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I don’t like cooked vegetables. Can I get by if I eat them all raw?

The question: I don't like cooked vegetables. Am I missing out if I eat them all raw?

The answer: Eating plenty of vegetables every day is a good thing, raw or cooked. I advise my clients to include at least five vegetable servings in their diet each day. (One serving is equivalent to ½ cup of cooked or raw vegetables or 1 cup of salad greens.) There's clear evidence that a high intake of vegetables guards against heart attack, stroke, high blood pressure and certain cancers thanks to their generous supply of vitamins, minerals, fibre, antioxidants and protective phytochemicals.

Both raw and cooked vegetables are excellent nutrient sources. But cooked vegetables do have an edge when it comes to delivering antioxidants and minerals. Research has shown that microwaving (only until tender), baking, grilling, boiling and pressure-cooking actually increase the antioxidant content (e.g. beta-carotene, lutein, lycopene) of vegetables. Heating vegetables releases more antioxidants by breaking down cells walls. That means more antioxidants are available for your body to absorb.

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Cooking vegetables also increases the amount of calcium, magnesium and iron that's available to you. Leafy green vegetables, for example, are high in calcium but much of it is bound to a natural compound called oxalic acid. Heat breaks this bond and releases some. Consider that three cups of raw spinach has 90 milligrams of calcium whereas one cup of cooked has nearly triple (245 milligrams).

To retain more water soluble nutrients such as vitamin C, thiamin and folate, steaming, quick sauteing, grilling and roasting are your best bets because the vegetables don't come into contact with water (such as boiling).

Some vegetables may be better for you if eaten raw. Cruciferous vegetables including cabbage, broccoli, cauliflower and bok choy contain phytochemicals called glucosinolates, which are converted to anti-cancer compounds when they're chopped or chewed.

The problem: heating destroys some of this enzyme, which reduces the conversion of glucosinolates to anti-fighting compounds. When it comes to cruciferous vegetables, enjoy them raw or lightly cooked until tender but crisp.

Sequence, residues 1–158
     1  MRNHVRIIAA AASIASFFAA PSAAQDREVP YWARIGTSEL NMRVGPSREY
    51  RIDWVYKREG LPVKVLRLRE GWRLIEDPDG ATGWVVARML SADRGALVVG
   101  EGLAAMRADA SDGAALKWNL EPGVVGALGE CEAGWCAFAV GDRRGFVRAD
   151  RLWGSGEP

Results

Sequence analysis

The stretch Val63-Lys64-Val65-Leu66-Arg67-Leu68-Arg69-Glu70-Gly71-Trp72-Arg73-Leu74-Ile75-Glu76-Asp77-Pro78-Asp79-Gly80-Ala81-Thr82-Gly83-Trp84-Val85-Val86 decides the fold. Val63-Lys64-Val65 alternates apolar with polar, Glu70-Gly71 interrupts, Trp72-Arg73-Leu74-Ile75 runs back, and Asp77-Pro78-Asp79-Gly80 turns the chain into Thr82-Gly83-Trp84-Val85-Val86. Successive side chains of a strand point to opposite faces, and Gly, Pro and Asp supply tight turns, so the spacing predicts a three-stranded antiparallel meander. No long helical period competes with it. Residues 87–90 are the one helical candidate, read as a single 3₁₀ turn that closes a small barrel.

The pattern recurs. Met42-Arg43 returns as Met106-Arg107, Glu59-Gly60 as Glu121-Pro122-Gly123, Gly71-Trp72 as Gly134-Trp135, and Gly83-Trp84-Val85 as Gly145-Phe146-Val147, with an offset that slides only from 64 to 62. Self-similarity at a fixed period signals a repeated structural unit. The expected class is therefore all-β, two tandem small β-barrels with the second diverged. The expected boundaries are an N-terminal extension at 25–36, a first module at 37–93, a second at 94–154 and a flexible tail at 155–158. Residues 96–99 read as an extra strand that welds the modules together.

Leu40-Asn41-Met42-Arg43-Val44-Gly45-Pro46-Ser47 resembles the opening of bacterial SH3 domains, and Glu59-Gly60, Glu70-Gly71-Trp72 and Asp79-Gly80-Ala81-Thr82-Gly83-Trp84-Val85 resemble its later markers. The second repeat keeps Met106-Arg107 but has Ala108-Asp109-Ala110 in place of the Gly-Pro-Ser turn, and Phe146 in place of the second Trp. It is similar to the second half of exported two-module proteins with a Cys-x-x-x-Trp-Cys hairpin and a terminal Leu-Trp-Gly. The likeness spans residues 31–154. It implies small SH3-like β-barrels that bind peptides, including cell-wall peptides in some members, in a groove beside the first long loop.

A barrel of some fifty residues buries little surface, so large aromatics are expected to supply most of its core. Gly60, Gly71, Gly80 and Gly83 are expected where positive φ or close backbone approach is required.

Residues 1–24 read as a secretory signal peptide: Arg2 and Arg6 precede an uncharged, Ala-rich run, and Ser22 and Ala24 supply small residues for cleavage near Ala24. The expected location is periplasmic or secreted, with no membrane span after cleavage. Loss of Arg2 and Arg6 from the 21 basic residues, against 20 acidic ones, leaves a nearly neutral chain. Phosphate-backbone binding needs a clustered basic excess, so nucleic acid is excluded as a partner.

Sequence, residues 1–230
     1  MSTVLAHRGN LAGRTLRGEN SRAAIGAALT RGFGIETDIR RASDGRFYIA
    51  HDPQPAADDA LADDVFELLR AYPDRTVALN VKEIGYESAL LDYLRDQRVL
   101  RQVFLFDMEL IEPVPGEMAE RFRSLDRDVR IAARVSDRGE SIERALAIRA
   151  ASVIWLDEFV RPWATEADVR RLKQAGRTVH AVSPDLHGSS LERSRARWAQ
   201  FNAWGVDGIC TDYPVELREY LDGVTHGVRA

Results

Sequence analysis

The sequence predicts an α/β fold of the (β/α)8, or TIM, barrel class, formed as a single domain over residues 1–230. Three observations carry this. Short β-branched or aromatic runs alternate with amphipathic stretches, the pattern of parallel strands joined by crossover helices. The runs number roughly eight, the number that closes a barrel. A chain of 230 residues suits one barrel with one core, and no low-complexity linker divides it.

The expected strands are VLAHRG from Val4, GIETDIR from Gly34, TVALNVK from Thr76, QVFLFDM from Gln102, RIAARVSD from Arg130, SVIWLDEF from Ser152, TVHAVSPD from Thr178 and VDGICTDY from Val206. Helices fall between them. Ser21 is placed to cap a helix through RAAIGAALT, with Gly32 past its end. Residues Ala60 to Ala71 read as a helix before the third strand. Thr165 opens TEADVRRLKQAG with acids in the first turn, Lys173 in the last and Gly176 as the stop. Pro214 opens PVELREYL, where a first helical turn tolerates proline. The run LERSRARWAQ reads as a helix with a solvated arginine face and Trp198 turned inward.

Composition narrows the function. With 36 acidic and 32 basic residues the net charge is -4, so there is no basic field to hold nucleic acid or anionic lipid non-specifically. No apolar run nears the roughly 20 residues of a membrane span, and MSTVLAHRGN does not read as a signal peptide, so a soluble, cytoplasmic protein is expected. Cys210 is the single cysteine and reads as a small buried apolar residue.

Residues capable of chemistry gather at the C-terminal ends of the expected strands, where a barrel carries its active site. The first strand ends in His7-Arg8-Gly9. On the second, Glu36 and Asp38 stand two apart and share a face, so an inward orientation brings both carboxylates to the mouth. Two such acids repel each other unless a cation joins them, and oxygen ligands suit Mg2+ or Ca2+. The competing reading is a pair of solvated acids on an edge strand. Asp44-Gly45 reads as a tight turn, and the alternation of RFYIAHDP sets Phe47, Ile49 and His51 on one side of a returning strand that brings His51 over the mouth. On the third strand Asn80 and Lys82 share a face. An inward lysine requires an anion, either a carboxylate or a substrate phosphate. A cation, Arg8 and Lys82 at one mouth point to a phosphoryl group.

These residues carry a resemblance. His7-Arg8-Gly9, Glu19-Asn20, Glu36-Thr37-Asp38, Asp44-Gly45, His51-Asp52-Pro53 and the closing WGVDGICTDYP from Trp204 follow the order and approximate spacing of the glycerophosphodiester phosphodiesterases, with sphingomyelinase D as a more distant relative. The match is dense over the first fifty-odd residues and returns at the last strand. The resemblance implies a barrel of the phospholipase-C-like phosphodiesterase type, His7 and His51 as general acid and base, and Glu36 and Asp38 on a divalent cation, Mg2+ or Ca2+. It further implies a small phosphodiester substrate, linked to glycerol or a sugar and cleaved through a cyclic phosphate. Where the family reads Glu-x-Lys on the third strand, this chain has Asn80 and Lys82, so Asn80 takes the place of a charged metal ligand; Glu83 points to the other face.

I recommend trying to sneak some cooked vegetables into your diet, especially leafy greens such as spinach, kale, Swiss chard and rapini for their outstanding beta-carotene and lutein content. If you add them to other foods, you might be surprised to learn you actually like them. Here are a few suggestions:

  • Add baby spinach leaves to a tomato-based pasta sauce near the end of cooking. (The cooked tomatoes in the sauce are an excellent source of lycopene; raw tomatoes aren’t.)
  • Add chopped raw kale to any soup or stew your cooking.
  • Add sautéed Swiss chard to an omelette or frittata. It’s also delicious in lasagna.
  • Make a green smoothie with cooked spinach or kale. Steam greens in advance and freeze them in individual servings so they’re ready to add to a smoothie.
  • Make a batch of homemade vegetable soup each week to have with lunches or dinners, or as a snack.

If you decide you really don't like cooked vegetables no matter how you serve them, be sure to include a variety of raw vegetables in your daily diet. Don't get stuck on salads at every meal.

Leslie Beck, a Registered Dietitian, is based at the Medisys clinic in Toronto. She can be seen every Thursday at noon on CTV News Channel's Direct

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